Baseball & Bull Street: Debate may be entering 7th inning stretch

Several young people supporting a ballpark took signs to the city council meeting
Several young people supporting a ballpark took signs to the city council meeting

COLUMBIA, SC (WIS) - You think Olympic competition is intense? Consider the ongoing debate centered on building a minor league baseball venue on the Bull Street Development property in downtown Columbia.

Would it be a "ball park" or a "multi-use venue?" It depends on who you ask.

Tuesday evening, those who love the idea and those who question why and how the city will pay for the project talked it out in council chambers.

It was yet another chance to speak directly to the ones who could decide soon if Columbia will, in fact, play ball.

In fact, for those who follow the process closely, many of the opinions were expressed by familiar voices to local Columbia politics. Especially those who have already weighed-in on the proposal to build a $30,000,000+ publicly-funded minor league ball park on the Bull Street property.

The same local player, DeAndre Asbury-Heath, who made it to the pros who spoke out weeks ago in council chambers stepped up to the microphone again Tuesday night. Donning his St. Louis Cardinals jacket, he spoke of the sport of baseball helping to make his dreams come true.

"Unlike my first appearance, I came prepared with a speech for you today," said Asbury-Heath.

The same can be said for vocal opponents. The people who say baseball's great but they question how much taxpayers could come out of pocket for a ball park venue.

One opponent asked why a certain funding mechanism used by municipalities wasn't being considered in funding formulas being presented by the city's finance office. A general obligation -- or GO -- bond the supporter says would save taxpayers $27,000,000 and would take the issue to voters with a public referendum. But, the mayor questioned if that approach would mean a tax increase. "potentially," said a city financial staff member.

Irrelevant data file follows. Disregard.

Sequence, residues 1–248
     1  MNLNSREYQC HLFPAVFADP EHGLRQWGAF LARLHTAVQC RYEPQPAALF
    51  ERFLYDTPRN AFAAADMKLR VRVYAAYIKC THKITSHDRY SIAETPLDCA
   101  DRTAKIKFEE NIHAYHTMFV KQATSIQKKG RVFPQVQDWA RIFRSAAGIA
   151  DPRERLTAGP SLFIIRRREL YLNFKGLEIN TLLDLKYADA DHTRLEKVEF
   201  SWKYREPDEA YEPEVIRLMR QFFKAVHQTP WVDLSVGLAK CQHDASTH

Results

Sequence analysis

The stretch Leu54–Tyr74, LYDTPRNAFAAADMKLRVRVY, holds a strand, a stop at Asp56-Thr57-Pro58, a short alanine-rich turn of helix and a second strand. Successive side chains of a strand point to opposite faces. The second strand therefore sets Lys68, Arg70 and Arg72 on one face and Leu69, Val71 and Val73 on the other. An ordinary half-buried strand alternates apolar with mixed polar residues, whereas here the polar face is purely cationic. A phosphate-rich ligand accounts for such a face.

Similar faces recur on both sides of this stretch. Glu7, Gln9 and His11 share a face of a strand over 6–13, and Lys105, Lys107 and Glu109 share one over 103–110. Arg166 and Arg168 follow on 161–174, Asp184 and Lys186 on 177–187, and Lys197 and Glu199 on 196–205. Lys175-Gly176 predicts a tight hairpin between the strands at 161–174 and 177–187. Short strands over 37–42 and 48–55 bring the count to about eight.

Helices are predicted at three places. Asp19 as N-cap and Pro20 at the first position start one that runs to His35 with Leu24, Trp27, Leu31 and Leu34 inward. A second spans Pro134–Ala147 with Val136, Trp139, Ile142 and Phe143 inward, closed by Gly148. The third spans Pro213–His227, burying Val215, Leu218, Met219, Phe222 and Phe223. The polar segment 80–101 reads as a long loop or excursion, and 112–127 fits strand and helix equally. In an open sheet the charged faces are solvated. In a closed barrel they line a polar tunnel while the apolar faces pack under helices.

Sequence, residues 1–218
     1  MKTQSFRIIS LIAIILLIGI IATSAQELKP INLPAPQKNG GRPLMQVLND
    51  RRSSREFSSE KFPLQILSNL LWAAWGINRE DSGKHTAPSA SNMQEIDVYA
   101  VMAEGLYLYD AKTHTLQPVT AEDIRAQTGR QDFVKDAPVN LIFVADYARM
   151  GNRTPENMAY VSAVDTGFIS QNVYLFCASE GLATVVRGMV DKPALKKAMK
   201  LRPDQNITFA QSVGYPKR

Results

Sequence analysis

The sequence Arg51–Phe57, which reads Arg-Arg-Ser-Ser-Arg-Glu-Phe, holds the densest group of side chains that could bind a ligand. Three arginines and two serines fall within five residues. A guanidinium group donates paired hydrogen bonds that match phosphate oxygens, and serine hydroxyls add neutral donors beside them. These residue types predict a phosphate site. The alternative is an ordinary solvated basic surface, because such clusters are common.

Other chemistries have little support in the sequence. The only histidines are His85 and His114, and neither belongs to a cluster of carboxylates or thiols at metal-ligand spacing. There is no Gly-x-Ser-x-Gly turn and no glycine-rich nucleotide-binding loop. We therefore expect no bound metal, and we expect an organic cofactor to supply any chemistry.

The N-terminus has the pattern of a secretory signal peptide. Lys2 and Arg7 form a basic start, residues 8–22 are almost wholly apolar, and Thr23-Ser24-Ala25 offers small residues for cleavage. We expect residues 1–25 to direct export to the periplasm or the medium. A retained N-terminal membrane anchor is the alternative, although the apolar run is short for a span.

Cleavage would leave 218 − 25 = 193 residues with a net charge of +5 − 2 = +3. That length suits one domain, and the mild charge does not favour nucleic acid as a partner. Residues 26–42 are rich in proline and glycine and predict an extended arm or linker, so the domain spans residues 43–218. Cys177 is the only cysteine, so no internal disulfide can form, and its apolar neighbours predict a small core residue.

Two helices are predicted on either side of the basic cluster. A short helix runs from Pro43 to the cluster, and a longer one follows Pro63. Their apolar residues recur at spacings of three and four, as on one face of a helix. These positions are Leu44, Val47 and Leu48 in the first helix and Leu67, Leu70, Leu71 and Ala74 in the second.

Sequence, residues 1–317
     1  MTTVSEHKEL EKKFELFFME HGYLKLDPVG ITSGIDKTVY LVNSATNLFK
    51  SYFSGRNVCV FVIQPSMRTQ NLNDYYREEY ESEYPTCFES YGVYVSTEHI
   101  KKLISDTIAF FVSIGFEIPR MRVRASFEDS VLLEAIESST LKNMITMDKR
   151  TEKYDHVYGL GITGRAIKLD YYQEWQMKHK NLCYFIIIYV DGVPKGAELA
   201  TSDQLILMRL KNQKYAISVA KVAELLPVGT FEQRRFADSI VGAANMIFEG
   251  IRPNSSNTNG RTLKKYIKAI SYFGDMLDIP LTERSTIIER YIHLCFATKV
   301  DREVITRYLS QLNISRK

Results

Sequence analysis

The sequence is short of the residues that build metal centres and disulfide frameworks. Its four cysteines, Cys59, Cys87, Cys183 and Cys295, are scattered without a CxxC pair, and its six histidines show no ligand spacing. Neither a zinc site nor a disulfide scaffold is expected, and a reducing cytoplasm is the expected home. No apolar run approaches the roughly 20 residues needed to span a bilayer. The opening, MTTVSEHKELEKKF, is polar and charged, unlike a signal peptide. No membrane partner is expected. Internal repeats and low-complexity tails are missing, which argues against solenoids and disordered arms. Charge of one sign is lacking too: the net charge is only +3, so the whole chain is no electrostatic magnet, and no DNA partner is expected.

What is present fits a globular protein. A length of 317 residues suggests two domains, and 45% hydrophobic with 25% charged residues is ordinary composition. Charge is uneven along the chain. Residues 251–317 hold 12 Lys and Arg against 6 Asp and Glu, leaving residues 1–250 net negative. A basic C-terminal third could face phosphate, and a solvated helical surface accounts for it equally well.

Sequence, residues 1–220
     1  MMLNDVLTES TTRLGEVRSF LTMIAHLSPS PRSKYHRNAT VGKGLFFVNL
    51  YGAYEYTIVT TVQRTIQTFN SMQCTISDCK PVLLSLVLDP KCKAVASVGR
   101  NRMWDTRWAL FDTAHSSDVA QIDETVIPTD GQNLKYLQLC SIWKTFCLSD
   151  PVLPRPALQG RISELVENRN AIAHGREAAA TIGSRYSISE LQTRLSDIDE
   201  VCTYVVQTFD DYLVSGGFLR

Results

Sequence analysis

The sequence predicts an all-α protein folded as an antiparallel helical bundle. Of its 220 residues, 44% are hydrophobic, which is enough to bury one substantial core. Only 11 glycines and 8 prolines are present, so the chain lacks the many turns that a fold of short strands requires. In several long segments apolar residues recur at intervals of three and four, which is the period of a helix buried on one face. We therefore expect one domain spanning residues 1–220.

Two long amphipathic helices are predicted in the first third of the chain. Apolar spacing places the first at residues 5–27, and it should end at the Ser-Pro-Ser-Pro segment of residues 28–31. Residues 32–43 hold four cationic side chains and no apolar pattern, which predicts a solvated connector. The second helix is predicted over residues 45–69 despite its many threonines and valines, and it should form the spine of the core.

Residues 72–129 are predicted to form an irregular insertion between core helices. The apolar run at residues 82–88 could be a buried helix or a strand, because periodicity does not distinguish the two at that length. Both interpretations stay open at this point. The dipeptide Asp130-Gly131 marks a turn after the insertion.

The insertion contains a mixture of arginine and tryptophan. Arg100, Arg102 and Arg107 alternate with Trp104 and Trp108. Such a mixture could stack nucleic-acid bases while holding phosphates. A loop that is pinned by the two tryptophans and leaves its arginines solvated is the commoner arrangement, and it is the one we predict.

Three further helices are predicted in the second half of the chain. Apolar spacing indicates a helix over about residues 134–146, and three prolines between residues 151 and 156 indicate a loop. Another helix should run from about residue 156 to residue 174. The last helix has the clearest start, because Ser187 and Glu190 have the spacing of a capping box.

But, new support and opposition showed up in chambers, too.

Benedict College, a "stone's throw" from the proposed site of the baseball venue dispatched the campus' athletics director and a small contingency of softball players.

"Benedict College totally and fully endorses that stadium," the A.D. said explaining a minor league park would be an avenue to part time jobs for Benedict students and others in the community.  "Without a doubt, other citizens in Columbia will get jobs there."

And, in the ninth inning of this public comment portion of the council meeting, South Carolina NAACP President Dr. Lonnie Randolph spoke out against the ballpark plan. Randolph finds the funding formulas rolled out by the City's money men to be tough to follow, a little too much inside baseball for the majority of attendees in the crowd. He believes the effort to build is being controlled by lobbyists.

His comments sparked one supporter of the plan to confront him in council chambers. Randolph's opinions and questions are new to the public debate and points he thinks need to be considered by both sides.

The latest funding formula displayed for all to see on the screen above council members' table relies more heavily on hospitality revenue bonds than previous budget ideas.

Councilwoman Leona Plaugh made it a point to publicly commend Mayor Steve Benjamin for meeting with members of Columbia's Arts community Tuesday morning. A meeting she says brought a promise from Benjamin that a baseball stadium would not take away any future budget dollars from arts-related groups, programs, and initiatives.

It's not set in stone but staffers for the Mayor say a first vote on the proposal is anticipated on March 4th. We'll be sure to keep  you posted once a firm date for a vote is known.

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